Archive for June, 2010

Should Lenders be Licensed Before Being Allowed to Make or Purchase Commercial Mortgages?

Thursday, June 10th, 2010

By Bruce J. Coin
www.Brucecoin.com

America’s real estate lending community is comprised of approximately 8,000 FDIC insured banks, approximately 8,100 Credit Unions (insured by NCUSIF), over 200 insurance companies and well over 300 Pension Funds.  Then there are the Wall Street firms and the numerous mortgage broker-pseudo lender-seller conduit companies that profess to be mortgage lenders. They all process, place, sell or invest in stocks, bonds, mortgages and/or real estate and many treat Commercial Mortgage Backed Securities as bonds.  As of December 2008 the 300 largest pension funds had over $10 trillion invested in stocks, bonds, mortgages and real estate.

In light of the recent capital markets melt down and loss of confidence in the major rating agencies, that led to and caused the great recession does anyone really think that collectively these institutions and companies were or are all properly staffed with skilled, experienced and knowledgeable loan officers and underwriters or that they invested the proper amount of time and money in training their staffs?  The evidence strongly indicates that such institutions were really not very good at underwriting acquisition, development and construction (ADC) and commercial real estate (CRE) mortgage loans while failing to simultaneously keep an eye on changing economic conditions. They also invest in stocks and bonds and some were caught badly with large investments in Fannie Mae and Freddie Mac stocks when those institutions were taken over and their stock became virtually worthless. Also note that banks consider RMBS and CMBS investments to be bonds as opposed to actual mortgages and many invested heavily in those as well.

According to the FDIC’s data (www.fdic.gov/bank/individual/failed/banklist.html), excluding banks in Puerto Rico, between January 1, 2008 and May 28, 2010 the FDIC has closed 243 commercial banks or a simple average of about 8 closures per month.  52.3% of the closed institutions were located in just four states: Georgia (38 closures-15.6%), Illinois (33 closures-13.6%), Florida (29 closures-11.9%) and California (27 closures-11.1%).  Tied for 5th place are Missouri and Washington with 9 closures each or 3.7%.   As of May 28, 2010 the FDIC also had a list of 775 “problem banks”. Also, since January of 2008, more than 48 Credit Unions have been closed.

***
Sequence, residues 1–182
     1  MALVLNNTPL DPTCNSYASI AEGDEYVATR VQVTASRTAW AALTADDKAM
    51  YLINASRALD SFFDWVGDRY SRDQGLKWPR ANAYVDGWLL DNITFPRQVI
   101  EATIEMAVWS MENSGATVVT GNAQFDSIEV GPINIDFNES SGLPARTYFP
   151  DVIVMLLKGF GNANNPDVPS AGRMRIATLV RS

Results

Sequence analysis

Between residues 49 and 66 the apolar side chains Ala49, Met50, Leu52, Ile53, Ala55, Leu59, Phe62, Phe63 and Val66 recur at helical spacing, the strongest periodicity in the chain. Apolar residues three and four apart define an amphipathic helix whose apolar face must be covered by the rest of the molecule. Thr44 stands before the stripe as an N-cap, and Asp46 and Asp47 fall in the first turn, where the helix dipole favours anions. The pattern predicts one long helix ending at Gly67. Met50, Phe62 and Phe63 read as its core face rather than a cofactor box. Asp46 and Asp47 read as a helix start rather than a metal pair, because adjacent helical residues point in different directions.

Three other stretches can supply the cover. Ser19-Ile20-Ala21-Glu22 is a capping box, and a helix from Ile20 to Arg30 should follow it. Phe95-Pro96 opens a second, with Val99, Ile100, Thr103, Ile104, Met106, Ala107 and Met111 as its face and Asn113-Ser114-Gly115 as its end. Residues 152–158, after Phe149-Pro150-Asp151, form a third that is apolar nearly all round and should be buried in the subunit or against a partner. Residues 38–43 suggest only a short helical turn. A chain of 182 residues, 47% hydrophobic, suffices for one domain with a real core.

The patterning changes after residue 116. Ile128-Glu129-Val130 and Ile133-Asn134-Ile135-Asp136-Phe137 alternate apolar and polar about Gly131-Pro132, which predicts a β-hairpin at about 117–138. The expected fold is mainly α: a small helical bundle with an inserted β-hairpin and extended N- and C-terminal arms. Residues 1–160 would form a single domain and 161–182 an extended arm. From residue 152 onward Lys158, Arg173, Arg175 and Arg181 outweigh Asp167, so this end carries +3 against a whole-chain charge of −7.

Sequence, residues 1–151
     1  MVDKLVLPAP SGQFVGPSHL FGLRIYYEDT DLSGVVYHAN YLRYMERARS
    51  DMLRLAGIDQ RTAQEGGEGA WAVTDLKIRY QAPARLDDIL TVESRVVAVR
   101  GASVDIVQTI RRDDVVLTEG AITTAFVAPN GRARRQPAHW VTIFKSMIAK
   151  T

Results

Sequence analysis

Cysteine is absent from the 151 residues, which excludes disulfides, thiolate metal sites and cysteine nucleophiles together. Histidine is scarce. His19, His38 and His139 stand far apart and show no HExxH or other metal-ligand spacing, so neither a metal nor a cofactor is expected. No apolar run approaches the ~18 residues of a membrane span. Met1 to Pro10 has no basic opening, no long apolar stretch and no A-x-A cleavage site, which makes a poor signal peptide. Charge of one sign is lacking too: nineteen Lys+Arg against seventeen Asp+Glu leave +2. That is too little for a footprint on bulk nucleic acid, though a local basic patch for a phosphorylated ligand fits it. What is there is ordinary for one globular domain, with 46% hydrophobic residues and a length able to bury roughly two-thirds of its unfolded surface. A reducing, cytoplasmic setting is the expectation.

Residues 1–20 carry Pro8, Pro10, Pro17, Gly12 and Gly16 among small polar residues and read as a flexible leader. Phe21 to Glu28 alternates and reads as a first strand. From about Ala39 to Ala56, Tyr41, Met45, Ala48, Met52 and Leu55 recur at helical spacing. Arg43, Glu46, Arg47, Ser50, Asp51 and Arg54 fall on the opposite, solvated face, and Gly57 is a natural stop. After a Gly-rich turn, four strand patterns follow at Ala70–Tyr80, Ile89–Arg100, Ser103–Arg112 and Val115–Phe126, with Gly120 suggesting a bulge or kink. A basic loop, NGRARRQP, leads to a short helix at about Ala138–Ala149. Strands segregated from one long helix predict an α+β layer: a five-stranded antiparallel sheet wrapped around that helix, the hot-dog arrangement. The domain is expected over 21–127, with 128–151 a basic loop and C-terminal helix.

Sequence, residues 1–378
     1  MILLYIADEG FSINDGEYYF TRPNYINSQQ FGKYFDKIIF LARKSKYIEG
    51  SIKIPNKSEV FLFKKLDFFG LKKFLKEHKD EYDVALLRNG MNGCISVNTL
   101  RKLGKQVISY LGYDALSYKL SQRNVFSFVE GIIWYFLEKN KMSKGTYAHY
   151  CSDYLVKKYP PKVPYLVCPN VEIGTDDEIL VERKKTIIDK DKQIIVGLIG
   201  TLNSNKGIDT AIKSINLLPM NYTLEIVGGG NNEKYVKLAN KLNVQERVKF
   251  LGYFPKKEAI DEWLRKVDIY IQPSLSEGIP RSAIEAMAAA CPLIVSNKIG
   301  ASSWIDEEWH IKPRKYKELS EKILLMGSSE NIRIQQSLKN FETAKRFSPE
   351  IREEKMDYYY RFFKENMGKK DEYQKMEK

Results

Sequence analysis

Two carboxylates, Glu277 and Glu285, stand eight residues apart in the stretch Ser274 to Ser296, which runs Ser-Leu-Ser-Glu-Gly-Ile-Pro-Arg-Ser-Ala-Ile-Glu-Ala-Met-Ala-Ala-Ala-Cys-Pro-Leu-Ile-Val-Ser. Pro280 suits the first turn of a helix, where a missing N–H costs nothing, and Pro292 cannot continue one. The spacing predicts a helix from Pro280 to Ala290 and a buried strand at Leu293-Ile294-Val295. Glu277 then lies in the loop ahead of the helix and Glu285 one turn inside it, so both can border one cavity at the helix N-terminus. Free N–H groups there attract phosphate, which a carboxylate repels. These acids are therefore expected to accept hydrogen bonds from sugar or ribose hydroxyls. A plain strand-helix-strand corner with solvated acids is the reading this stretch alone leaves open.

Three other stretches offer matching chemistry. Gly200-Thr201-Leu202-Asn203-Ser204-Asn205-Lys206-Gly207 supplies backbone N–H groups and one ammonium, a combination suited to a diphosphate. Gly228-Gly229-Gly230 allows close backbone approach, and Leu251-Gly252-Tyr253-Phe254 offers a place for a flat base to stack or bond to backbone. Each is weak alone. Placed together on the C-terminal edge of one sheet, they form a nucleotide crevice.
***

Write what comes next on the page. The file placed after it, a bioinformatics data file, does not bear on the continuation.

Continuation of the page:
Case studies of recently failed banks are posted on the FDIC’s Office of Inspector General’s web site (www.FIDIOIG.gov). The case studies provide detailed explanations of what led to each bank’s closure.   I reviewed eleven recent case studies looking for common causes.  While, to its credit, the FDIC often admits a failure to respond earlier and/or with stronger measures to banks with developing problems the case studies indicate that most if not all of the bank closures were caused by bad real estate lending practices especially in the ADC and CRE arenas. While the lending community can try to point to the great recession as the primary cause of declining demand for and values of real estate, they cannot deny that it was bad lending practices that led to the current great recession.

The following are direct quotes selected from the various FDICOIG’s case studies:

“Poor management and inadequate Board of Directors oversight, a high concentration in ADC lending, poor loan underwriting, weak credit administration and reliance on volatile funding sources”

“…..Board and management implemented a high risk business strategy that included rapid growth, with the focus on earnings, by investing the majority of the bank’s assets in higher-risk CRE and ADC loans while maintaining limited liquid assets”.

“…management, led by a senior bank official, pursued an aggressive growth strategy focused on acquisition, development and construction lending that coincided with declining economic conditions…”

“inadequately supervising lending units…”

“Aggressive underwriting during periods of hyper real estate market growth”

“…a high concentration in ADC lending, poor loan underwriting, weak credit administration…”

“…risks included the bank’s concentration in ADC and CRE lending and weak underwriting and credit administration policies…”.

“…the (FDIC’s) 2008 examination questioned whether the lending staff had the expertise…”

“….loan underwriting and administration practices became extremely lax…”.

“The Chief Lending Officer’s (CLO) lack of experience in ADC lending, the CEO/President’s lack of lending experience…”

“…a lack of due diligence pertaining to loan purchases and weak credit administration and loan review practices…”

“…weak oversight by management, inexperience and turnover in key positions…and concentrations in CRE and ADC loans.”

“…the bank failed to conduct proper due diligence and implement prudent underwriting of the loan participation credits”.

“…Insufficient staff resources – in need of training and/or replacement to enhance employee skill sets and experience levels necessary to implement change.”

“…lacked the personnel, depth and resources to properly monitor, assess, and manage a large portfolio of complex CRE/ADC loans….”

“Weakness in …loan underwriting, credit administration, and risk analysis and recognition practices were contributing factors in the asset quality problems that developed…”

The common threads are concentrations in ADC and CRE loans combined with a lack of skilled senior management, loan underwriters and personnel, aggressive underwriting and lack of oversight by management.

When a large private industry fails to act prudently to police itself, there has usually been a public outcry that lead to government intervention in the name of protecting the public.  Among others it’s happened to the auto, food, airline and pharmaceutical industries and don’t forget all the environmental laws since 1969. It happened to the financial industry after the great depression and it’s going on now as the House of Representatives and the Senate negotiate the differences between their versions of the planned Financial Services Reform Act to try and pass new laws regulating the financial industry.